Thomas Roberts   |  July 29, 2013

Fast food workers go on strike

Fast food workers fed up with low wages are walking off the job on Monday and are striking across the country. The National Employment Law Project’s Tsedeye Gebreselassie joins MSNBC to discuss the worker’s struggle for a livable wage.

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This content comes from Closed Captioning that was broadcast along with this program.

>>> walking off the job. minutes from now another round will strike the city as the lunch rush begins. it was the first wave of strikes set to hit an unprecedented seven cities across the country today with workers from mcdonald's, burger king , wendy's and kfc participating. with me today, from the national employment law projects. when we look at this, protesters are calling here for a higher wage. i think numbers here we are looking at is $15 which is about double what it currently is, $7.25. why does doubling make sense here?

>> i think the workers striking are responding to this explosion in low-wage jobs that's happening in our economy right now these are the jobs like fast food , like retail, that are disproportionately fueling job growth . a fast food worker makes on average less than $9 an hour. these are not entry level teen jobs. median age for a fast food worker is 29 years old and contrary to what the industry says, these are not jobs where --

>> 29 years old is much different when i managed a fast food restaurant aeons ago. the average age was probably 19.

>> the the low-wage work force in general has been shifting to be older and better educated than ever before. 80% of workers that make $10 an hour across our economy are over the age of 20. these strikes are responding to this change in our labor market and the need to raise pay for millions of workers in our economy.

>> depending how many kids they could be at the poverty line even at these wages. i've got more information. according to the "new york times" and an economic policy institute study, of the 28 million workers in this country, 1 in 5 earn less than $9.89 an hour. steve greenhouse in the "new york times" saying this, "their anger has been stoked by what they see as a glaring disconnect. their wages have flatlined while median pay for chief executives at the nation's top corporations jumped 16% year arching $15.1 million. this isn't the first time we have seen protests, demonstrations. what makes it different today? is.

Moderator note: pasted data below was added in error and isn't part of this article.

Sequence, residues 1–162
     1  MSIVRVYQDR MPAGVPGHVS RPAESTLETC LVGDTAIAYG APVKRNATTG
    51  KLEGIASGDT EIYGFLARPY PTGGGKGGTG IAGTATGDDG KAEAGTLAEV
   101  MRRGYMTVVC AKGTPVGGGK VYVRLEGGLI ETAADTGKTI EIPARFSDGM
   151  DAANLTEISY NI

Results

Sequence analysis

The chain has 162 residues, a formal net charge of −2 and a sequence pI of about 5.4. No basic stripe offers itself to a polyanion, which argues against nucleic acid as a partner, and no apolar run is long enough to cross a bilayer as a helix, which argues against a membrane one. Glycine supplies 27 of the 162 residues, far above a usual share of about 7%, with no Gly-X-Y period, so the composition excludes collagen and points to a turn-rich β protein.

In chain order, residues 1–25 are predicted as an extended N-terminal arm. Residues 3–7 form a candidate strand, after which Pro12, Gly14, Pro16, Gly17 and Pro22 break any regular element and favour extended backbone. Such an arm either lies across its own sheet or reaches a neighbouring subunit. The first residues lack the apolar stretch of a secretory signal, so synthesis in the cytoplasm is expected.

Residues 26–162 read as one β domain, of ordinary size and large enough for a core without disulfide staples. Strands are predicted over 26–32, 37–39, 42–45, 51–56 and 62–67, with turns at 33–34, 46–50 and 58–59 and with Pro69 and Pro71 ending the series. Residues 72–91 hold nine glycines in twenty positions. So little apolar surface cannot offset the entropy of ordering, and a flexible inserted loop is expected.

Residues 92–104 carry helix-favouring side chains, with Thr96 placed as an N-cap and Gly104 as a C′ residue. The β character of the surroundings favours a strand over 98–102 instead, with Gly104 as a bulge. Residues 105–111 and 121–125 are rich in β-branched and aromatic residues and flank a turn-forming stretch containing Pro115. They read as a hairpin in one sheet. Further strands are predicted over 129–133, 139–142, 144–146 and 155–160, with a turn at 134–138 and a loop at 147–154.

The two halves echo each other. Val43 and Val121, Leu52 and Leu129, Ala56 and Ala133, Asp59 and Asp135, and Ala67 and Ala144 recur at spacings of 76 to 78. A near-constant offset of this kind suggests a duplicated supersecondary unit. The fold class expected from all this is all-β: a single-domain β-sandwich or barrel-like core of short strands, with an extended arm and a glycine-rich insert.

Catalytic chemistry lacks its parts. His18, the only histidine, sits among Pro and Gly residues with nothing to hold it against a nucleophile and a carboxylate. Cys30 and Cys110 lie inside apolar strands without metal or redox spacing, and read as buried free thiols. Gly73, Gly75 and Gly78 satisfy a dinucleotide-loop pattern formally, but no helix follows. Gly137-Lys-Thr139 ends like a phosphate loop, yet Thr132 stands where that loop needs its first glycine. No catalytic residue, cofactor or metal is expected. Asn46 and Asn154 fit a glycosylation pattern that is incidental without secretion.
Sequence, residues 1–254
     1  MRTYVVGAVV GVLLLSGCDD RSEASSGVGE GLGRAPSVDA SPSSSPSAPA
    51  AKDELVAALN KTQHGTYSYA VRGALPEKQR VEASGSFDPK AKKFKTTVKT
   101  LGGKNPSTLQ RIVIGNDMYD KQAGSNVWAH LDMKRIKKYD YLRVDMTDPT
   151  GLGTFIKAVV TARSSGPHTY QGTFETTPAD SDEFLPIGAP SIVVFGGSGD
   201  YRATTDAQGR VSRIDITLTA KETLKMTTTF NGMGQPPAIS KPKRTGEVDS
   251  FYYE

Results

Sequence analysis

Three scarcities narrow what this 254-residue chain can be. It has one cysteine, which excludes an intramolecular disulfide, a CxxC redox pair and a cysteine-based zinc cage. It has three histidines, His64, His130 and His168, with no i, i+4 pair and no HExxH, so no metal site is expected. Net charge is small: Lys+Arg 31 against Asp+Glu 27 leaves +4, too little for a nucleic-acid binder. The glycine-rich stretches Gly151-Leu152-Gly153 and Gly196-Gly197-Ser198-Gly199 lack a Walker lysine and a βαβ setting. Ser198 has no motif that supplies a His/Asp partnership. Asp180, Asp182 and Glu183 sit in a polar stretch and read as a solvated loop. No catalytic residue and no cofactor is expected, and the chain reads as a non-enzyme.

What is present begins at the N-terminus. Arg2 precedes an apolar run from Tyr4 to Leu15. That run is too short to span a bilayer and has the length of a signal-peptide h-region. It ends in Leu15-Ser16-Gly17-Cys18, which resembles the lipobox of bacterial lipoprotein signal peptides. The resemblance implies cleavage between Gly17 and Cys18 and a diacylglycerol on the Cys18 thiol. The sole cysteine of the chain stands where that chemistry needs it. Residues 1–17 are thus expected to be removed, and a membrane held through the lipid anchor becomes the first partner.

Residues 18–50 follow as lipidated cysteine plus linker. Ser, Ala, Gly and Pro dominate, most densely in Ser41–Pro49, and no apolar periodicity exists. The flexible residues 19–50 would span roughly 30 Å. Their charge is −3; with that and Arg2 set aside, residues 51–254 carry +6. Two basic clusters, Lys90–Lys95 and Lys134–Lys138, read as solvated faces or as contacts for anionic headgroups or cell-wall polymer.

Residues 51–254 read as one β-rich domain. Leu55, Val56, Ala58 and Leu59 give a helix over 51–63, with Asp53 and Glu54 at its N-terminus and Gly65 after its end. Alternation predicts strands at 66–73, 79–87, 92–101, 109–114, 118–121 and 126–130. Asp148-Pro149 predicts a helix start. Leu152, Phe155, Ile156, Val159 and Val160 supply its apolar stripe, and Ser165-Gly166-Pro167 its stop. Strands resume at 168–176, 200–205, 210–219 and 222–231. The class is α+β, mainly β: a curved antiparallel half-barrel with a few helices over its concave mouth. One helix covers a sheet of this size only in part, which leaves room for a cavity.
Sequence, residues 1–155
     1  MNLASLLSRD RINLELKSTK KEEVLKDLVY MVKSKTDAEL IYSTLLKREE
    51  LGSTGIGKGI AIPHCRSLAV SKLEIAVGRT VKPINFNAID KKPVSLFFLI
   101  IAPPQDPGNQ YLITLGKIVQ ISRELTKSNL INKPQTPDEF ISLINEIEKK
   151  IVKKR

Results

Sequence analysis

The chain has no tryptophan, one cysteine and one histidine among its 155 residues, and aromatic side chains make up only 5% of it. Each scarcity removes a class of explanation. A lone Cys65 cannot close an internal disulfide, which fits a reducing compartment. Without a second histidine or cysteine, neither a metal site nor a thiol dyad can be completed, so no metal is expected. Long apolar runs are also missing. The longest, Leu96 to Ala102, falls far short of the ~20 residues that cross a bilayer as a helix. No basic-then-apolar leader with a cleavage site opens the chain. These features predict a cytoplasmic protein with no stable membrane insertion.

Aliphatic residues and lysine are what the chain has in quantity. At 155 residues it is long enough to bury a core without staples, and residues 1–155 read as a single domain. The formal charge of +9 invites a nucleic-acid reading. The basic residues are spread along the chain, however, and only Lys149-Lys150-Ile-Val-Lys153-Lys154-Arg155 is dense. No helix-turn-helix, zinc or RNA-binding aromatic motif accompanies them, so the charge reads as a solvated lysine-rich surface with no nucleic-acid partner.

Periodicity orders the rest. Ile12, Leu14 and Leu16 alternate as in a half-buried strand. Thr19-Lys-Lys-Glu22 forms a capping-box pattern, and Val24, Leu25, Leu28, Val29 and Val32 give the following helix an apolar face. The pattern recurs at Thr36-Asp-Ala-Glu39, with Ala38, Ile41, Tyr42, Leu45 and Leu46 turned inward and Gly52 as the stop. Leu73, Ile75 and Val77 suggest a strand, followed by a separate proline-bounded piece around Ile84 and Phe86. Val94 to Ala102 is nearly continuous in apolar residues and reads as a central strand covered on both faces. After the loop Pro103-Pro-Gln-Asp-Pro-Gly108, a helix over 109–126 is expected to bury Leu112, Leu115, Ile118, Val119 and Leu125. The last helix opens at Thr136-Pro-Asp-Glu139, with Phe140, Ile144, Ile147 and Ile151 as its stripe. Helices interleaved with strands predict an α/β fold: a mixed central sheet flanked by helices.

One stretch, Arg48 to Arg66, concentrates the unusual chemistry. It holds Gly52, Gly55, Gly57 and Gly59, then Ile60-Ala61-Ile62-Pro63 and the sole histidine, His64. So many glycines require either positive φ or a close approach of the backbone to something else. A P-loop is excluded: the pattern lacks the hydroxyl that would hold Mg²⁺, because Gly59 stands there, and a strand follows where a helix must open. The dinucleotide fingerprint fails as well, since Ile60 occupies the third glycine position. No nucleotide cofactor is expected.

>> i think today we are in a situation where wages across occupations are actually declining in real value , in real wages and for low wage workers in particular they are seeing significant declines in their wages but at the same time worker productivity is actually going up. and at the same time, the corporations that they are working for are enjoying record profits in some cases higher than before the recession and ceo pay is going up and so workers are fed up and they have about backs against the wall, they are struggling to make ends meet.

>> in recessions we see higher productivity but some are saying maybe there is too much productivity? some will say you raise wages, then you hire fewer people.

>> this is the opponents' argument in good economic times and bad economic times . the truth of the matter is if you talk to economists across the political spectrum , they agree lack of consumer demand is one of the principle reasons job growth has been so sluggish and one reason consumer demand has been so slack is because workers' wages are falling especially for low wage workers. they are falling in real terms . if we want to make sure workers have money to spend and help contribute to our economic recovery then we have got to raise the wage for it. it is too low.

>> fast food workers now demonstrating across the country. these are